Just imagine if K-12 public schools could raise revenue the same as four year colleges and universities.
Yesterday, it was announced that West Michigan's Grand Valley State University was raising tuition by 2.9% (on top of the average 5.9% revenue increase provided earlier this spring by the state legislature and signed by Governor Snyder). The increase in tuition alone brings the annual tuition rate up to $10,752 per undergraduate student.
Thirteen years ago, my wife and I sent our son to our alma mater GVSU which that year had an annual (two semesters) tuition rate of $4,660. This of course doesn't include all the added fees, books, room-and-board, and other costs and by the time he graduated, tuition rates had already risen by 41%. Compared to that same year, the GVSU trustees just approved a rate for this fall that will be...wait for it, wait for it...131% higher than in 2001-02!
Now compare it to our K-12 public school district's foundation allowance, which one could argue is a similar funding source providing for core academic instruction and basic operations, although unlike postsecondary institutions like GVSU, public schools do not enjoy any control over how much this combined state and local funding will be each year. In 2001-02, the same year my son entered the hallowed halls of GVSU, our district received a foundation allowance of $6,666 (okay leave out the jokes about the end times, mark of the beast, etc). Following a severe per-pupil cut in the foundation allowance the year Governor Snyder came to office, despite the fact this key source of revenue already fails to keep up with the rate of inflation, our per-pupil revenue rate has now been set at $7,251 for this fall. That equates to a new level of per-pupil revenue that is merely 8.8% higher than thirteen years ago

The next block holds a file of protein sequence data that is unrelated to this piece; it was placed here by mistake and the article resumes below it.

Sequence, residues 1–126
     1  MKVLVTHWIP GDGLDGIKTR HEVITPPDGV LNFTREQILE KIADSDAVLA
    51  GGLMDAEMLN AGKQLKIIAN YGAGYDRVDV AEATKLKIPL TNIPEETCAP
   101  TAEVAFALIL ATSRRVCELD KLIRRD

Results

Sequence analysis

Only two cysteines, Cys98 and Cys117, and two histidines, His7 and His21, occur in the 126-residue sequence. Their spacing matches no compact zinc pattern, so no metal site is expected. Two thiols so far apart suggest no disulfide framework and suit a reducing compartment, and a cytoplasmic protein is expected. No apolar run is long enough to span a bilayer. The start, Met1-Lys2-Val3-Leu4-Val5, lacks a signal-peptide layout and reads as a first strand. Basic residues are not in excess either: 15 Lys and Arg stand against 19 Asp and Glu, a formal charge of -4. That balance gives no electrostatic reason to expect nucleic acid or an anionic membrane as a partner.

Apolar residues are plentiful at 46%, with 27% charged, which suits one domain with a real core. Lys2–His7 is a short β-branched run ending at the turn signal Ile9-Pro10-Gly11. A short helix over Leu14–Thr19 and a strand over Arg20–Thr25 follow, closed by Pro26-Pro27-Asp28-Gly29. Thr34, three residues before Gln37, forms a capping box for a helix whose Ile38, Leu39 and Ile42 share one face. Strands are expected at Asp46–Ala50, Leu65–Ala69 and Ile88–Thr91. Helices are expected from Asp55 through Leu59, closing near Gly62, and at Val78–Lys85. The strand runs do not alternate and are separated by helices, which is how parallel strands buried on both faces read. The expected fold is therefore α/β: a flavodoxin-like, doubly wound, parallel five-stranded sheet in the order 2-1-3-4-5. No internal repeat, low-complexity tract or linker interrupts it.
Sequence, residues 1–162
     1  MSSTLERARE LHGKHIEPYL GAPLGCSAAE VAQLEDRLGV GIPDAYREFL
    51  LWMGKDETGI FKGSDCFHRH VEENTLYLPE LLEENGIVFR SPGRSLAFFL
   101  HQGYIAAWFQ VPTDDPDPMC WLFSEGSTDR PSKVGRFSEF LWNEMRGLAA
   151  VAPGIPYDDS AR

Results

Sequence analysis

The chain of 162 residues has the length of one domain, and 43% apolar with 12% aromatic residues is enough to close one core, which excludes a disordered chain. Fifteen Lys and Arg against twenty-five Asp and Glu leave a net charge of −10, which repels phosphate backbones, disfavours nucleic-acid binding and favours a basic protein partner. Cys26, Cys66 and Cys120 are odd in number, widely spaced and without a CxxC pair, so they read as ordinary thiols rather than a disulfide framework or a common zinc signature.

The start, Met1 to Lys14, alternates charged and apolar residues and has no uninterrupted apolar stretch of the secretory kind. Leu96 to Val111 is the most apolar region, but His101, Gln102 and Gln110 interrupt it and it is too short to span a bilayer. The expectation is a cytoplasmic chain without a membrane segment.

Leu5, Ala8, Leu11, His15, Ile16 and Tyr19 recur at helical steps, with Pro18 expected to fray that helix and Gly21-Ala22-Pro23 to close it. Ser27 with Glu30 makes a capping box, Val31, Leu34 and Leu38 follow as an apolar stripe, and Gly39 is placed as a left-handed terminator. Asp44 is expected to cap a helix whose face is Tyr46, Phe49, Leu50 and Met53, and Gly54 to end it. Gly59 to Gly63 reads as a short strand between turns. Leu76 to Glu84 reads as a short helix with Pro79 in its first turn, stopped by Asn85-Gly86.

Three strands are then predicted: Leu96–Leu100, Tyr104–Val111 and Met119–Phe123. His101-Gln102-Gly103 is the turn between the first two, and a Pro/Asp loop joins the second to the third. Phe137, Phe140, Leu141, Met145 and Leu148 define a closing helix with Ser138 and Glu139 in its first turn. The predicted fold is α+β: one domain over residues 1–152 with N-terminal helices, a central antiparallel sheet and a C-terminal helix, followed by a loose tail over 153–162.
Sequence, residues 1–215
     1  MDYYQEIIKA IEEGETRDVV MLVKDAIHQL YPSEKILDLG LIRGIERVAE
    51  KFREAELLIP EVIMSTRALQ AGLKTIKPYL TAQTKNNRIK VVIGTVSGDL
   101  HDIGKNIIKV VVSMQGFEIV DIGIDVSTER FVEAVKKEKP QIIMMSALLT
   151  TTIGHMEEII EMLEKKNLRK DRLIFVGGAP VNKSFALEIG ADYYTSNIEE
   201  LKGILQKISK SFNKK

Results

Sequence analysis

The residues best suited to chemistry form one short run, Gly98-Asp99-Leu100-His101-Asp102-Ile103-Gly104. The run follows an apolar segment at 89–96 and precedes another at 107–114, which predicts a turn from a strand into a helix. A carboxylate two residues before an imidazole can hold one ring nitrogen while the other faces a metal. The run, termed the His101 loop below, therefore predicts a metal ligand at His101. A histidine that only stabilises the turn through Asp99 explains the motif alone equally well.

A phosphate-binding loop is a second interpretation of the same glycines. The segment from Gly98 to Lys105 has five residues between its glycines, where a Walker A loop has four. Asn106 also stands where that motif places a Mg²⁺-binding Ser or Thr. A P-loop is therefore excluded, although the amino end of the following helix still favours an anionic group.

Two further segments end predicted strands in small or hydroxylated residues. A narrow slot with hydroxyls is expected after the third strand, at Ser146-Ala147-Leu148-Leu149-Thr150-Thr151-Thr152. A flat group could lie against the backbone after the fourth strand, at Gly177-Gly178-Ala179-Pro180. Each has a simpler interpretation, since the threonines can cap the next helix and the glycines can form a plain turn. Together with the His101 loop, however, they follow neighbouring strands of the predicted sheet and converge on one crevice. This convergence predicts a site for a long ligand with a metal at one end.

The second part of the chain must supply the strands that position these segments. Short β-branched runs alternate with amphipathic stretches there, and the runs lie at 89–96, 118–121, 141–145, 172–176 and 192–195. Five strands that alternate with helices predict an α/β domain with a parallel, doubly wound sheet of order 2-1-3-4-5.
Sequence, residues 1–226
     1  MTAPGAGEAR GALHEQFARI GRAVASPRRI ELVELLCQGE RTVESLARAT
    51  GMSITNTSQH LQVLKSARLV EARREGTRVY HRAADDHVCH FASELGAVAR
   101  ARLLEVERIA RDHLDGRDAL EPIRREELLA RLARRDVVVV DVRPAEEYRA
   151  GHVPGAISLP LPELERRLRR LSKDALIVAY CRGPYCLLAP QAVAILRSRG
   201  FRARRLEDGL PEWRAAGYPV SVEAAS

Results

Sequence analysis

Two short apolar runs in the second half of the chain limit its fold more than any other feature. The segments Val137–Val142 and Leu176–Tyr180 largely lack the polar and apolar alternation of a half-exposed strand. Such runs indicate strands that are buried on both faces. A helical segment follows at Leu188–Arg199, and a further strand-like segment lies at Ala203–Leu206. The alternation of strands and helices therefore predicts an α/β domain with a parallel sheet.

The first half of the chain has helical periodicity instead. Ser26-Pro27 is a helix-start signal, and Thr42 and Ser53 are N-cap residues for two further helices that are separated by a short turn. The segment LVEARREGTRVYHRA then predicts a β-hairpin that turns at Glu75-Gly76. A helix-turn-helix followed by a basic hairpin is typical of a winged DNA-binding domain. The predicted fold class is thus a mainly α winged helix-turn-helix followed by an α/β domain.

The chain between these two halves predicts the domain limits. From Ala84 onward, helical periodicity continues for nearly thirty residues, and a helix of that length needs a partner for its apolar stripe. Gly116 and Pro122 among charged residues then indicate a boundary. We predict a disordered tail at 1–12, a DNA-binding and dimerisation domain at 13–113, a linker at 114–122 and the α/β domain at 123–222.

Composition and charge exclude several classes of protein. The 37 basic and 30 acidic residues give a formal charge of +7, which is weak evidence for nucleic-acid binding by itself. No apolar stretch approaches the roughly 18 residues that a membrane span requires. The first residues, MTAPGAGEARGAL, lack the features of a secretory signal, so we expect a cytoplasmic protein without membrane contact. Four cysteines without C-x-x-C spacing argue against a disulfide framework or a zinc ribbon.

Let me summarize.
GVSU, which is also benefiting to some degree by Governor Snyder's raid on the School Aid Fund that had been designed solely to support K-12 public education, has raised its annual tuition rate by 131%. At the same time, public schools like ours nearby have been expected to operate at a greater level of efficiency and provide a higher rate of college and career readiness while taking on more difficult curriculum standards and graduation requirements, working with a greater percentage of students who are struggling due to poverty, limited English proficiency, transiency, and a growing lack of parental support for learning, all while making due with an 8.8% increase in our foundation revenue.
To be fair, colleges and universities claim their revenues are not keeping up with costs. Oh, really? Try walking in the shoes of a K-12 public school administrator some time. That rationale doesn't seem to resonate with those folks in Lansing holding all the power and making all the decisions on school funding.
And then we wonder how to make sense of allegations that K-12 schools are not adequately preparing our charges for college? At the same time, should we question if it make any difference if no one can afford to attend a four-year institution any longer?